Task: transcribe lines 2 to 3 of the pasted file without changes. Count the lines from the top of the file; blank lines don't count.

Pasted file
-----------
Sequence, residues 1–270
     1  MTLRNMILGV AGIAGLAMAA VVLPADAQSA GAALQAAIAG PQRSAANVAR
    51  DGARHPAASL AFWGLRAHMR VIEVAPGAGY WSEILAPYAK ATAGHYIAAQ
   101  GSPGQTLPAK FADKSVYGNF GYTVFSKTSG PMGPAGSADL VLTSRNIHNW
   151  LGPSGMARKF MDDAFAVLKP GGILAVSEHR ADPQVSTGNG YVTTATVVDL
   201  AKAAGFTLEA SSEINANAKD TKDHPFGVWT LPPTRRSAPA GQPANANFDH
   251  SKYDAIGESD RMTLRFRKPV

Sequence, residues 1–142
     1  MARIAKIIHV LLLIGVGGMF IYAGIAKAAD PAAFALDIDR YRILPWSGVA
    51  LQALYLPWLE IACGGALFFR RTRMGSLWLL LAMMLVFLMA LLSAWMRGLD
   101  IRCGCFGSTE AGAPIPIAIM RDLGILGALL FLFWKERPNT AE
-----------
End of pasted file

     1  MTLRNMILGV AGIAGLAMAA VVLPADAQSA GAALQAAIAG PQRSAANVAR
    51  DGARHPAASL AFWGLRAHMR VIEVAPGAGY WSEILAPYAK ATAGHYIAAQ